How to eat the elephant in the legal academy.

AuthorRozelle, Susan D.
PositionEliminating discrimination against women law professors - The More Things Change ... Exploring Solutions to Persisting Discrimination in Legal Academia

Persistent discrimination is one of the elephants in the legal academy. We need to eliminate it, and we all know that the only way to eat an elephant is one bite at a time. So here goes:

I'm Susan Rozelle, and I have begun to note all the ways in which United States law schools' institutional culture presumes the Ideal Worker: white, male, middle-class, middle-aged, and married to a woman who manages his home and his family life for him. We blindly continue to follow a variety of existing structural systems that both create and reinforce challenges for the many members of our community who fail to meet this embedded stereotype.

Workers are expected to be available by phone and email at all hours, though I humbly suggest that we in the academy very rarely face problems that cannot wait until morning. Events need attending in the early morning and in the evening, in conflict with child- or eldercare drop-offs, pick-ups, and bedtimes.

We are measured first by the amount of scholarship we produce, which is written during our "free" time, and of course those with fewer personal life obligations--as well as those with fewer teaching and service obligations--therefore are at an advantage. Who carries a disparate burden in these arenas? Women, minorities, and those who teach legal skills.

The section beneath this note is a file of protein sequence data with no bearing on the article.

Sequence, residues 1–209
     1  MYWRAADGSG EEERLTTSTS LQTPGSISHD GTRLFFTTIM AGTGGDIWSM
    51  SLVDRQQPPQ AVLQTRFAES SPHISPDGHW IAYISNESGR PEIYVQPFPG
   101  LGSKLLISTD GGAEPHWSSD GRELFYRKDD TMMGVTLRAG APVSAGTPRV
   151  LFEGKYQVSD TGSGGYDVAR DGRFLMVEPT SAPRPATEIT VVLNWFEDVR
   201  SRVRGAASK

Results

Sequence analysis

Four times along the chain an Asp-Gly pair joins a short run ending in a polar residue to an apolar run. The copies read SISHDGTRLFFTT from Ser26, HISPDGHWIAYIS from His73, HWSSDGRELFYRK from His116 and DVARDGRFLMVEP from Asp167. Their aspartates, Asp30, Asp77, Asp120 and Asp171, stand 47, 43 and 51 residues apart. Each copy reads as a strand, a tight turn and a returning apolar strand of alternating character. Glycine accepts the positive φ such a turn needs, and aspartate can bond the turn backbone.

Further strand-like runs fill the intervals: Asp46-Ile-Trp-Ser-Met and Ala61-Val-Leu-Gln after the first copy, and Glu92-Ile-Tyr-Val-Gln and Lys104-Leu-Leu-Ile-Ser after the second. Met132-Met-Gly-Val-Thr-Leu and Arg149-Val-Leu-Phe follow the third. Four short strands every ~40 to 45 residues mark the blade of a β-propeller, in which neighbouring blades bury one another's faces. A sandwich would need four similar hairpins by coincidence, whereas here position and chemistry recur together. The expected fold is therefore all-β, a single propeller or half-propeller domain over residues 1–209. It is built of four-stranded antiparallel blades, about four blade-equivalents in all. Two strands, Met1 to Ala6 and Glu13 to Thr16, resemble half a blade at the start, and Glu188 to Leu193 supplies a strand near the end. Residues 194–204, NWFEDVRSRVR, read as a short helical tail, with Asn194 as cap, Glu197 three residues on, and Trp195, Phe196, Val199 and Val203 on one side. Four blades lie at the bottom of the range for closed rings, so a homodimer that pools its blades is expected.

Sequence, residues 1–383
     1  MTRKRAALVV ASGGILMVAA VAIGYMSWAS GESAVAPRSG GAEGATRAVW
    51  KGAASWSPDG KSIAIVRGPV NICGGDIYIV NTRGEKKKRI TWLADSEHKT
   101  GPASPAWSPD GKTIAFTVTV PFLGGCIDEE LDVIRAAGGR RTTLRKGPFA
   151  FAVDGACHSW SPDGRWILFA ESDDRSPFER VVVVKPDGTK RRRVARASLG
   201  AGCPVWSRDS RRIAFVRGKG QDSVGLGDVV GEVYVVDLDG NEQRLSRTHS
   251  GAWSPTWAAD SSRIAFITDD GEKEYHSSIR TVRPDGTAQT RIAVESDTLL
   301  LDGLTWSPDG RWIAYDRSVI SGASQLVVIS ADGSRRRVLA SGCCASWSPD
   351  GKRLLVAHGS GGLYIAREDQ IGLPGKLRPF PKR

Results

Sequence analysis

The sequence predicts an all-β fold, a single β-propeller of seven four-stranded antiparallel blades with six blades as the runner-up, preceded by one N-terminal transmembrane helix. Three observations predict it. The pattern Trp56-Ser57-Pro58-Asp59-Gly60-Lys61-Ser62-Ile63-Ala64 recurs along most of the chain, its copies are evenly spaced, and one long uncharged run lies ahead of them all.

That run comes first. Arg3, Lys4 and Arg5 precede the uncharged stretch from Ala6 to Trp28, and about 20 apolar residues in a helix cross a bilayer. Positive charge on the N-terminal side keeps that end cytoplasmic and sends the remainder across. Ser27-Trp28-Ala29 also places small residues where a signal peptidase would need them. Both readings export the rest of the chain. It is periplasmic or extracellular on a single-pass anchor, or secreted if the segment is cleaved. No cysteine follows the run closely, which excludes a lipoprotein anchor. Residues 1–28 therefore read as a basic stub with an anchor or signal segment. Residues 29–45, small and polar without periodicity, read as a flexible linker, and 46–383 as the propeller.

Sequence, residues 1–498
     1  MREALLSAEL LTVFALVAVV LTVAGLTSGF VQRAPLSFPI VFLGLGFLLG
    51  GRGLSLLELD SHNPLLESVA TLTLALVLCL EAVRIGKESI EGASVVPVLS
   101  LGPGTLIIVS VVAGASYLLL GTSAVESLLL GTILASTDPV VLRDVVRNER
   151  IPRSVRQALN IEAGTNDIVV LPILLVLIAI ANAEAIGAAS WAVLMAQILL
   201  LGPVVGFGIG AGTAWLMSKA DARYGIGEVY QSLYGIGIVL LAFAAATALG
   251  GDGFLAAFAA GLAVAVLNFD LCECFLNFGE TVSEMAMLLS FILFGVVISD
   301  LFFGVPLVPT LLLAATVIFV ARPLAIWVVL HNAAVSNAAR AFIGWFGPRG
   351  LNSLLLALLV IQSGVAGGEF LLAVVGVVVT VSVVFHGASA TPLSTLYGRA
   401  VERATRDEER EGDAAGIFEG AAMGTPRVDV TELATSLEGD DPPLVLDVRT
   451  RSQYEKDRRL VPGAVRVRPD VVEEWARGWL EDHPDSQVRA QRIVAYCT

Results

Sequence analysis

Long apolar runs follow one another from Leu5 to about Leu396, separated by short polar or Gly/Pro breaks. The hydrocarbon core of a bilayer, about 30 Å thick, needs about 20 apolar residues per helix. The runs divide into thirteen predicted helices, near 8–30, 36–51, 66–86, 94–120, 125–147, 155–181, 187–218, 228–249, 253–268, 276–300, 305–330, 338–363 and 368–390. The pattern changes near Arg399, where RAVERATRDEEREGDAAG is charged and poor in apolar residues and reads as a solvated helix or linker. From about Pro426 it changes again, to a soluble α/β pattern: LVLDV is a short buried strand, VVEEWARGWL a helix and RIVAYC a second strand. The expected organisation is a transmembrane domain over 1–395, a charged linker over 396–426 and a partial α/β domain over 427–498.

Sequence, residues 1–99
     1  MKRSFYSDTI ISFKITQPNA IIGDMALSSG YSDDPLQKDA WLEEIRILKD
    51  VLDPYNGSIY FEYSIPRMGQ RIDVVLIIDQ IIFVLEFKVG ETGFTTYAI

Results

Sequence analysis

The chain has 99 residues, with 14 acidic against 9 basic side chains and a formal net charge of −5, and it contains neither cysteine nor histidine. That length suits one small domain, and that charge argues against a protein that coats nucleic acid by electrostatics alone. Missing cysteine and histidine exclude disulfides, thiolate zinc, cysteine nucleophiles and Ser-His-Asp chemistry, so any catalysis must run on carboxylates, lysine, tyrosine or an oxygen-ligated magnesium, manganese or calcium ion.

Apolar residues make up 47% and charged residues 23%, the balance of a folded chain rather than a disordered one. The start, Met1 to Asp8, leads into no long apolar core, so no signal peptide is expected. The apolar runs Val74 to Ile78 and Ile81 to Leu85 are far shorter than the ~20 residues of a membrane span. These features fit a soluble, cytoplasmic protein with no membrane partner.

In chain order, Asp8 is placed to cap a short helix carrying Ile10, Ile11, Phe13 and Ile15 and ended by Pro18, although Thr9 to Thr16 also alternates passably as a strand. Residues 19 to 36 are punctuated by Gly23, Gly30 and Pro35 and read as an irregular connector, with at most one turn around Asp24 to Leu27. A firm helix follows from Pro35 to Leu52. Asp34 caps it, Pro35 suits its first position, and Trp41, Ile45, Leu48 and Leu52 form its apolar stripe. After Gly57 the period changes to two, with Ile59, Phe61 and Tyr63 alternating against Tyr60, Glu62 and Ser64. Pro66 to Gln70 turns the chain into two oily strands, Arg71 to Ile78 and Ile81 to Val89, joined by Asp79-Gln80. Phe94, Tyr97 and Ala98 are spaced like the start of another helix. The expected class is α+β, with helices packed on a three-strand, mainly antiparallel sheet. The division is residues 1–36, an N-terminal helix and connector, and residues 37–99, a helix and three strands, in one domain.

We are measured second by our teaching evaluations and by our collegiality, both of which fluctuate with the presence of implicit bias and how well we perform our types (a woman who is perceived either as "too masculine" or "too feminine," for example, will suffer in those arenas). And that is on top of my personal pet peeve: the abysmal lack of any sort of paid family leave at many schools, the lack of quality childcare options nationwide, and the persistent, unconscious discrimination documented in Presumed Incompetent (1) and addressed by the panelists prior to this "open mic" portion of the program.

So, how to eat this elephant? I would like to begin instituting--slowly, at a pace people can absorb--small changes that might add up to real benefits. And I am hopeful that we are beginning a real brainstorming session here, to generate lots of ideas. So just to get us started, here are some ideas I have had. Be kind; this is just brainstorming, and I would like to invoke the protections of the brainstorming stage of any collaborative problem-solving effort to insulate myself from criticism--or from the nasty kind of criticism, at least. I'm not committed to...

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